Jun 10 2012

Newsletter – Mid-June 2012

Welcome to our RetireForLessInCostaRica.com Newsletter!

Paul and Gloria

In this issue:

• ‘Tis the Season…for Mold and Mildew

• Simplicity – A Shower in Costa Rica

• Crime Stats in Costa Rica

• Featured Property: Lovely 2.5 Bedroom Home





‘Tis the Season…for Mold and Mildew

While we love living in the tropics, there are challenges, especially during the rainy season, when we get about 80 inches of rain each year. While the moisture in the air is great for our skin, it can lead to mold and mildew in our home. Because we love having our door and windows wide open, and because we want to minimize our usage of electricity, we’ve chosen not to run a dehumidifier, though others do. Instead, here are some of the actions we’ve taken to minimize the problem in our cabina.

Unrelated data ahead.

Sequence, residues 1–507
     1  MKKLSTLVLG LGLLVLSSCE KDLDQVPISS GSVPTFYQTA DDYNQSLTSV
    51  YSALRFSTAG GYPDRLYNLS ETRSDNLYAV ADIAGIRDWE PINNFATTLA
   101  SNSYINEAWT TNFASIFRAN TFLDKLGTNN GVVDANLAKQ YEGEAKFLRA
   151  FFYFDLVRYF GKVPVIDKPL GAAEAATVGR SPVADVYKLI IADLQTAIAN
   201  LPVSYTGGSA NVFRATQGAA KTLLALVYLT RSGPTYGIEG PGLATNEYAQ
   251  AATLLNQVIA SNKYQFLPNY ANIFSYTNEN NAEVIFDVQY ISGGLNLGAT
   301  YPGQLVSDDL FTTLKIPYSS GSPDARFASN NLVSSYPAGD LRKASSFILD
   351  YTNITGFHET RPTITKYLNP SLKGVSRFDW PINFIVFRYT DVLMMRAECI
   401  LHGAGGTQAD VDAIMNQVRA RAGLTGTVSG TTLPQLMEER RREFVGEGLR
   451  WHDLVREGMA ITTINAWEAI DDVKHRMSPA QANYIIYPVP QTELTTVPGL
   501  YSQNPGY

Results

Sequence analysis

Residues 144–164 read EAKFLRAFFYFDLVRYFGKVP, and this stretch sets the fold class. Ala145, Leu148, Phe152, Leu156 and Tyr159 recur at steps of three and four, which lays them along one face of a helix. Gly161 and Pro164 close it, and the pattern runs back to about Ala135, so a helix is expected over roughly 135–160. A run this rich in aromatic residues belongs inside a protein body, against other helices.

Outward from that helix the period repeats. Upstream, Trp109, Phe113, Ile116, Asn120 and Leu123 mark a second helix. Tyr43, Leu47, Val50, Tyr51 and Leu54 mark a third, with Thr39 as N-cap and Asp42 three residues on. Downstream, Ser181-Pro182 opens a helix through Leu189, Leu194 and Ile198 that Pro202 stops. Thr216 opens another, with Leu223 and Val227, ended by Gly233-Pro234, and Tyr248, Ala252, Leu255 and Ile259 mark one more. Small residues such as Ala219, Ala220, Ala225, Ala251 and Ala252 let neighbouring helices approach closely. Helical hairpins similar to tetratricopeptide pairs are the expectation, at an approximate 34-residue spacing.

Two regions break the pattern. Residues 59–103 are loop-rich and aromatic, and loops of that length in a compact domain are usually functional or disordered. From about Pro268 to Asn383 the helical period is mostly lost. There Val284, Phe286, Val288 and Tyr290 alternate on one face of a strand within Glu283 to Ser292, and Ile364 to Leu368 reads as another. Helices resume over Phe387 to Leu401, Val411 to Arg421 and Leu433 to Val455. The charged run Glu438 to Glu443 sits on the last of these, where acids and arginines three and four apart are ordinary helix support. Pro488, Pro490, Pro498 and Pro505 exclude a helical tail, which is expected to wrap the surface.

• Paint the walls with an anti-fungus paint. We picked the colors and bought the paint, and Cesar, the manager of the cabinas, painted all of the interior walls of our cabina with “anti-hongo” (anti-fungus) paint. The result was a brighter cabina that’s more resistant to mold and mildew.
  • Improve drainage and coat the foundation and tiles with a sealant. Our cabina is at the bottom of a hill, so when heavy rains would fall, water would seep in through the foundation. The property manager here at the cabinas improved the drainage and applied a sealant to both the outside and inside of the back of our cabina where we were having the problem. Since then, no water seepage and a drier cabina.
  • Increase air flow. We keep our door and windows open most of the day for good cross-ventilation. You can also run fans to increase air flow.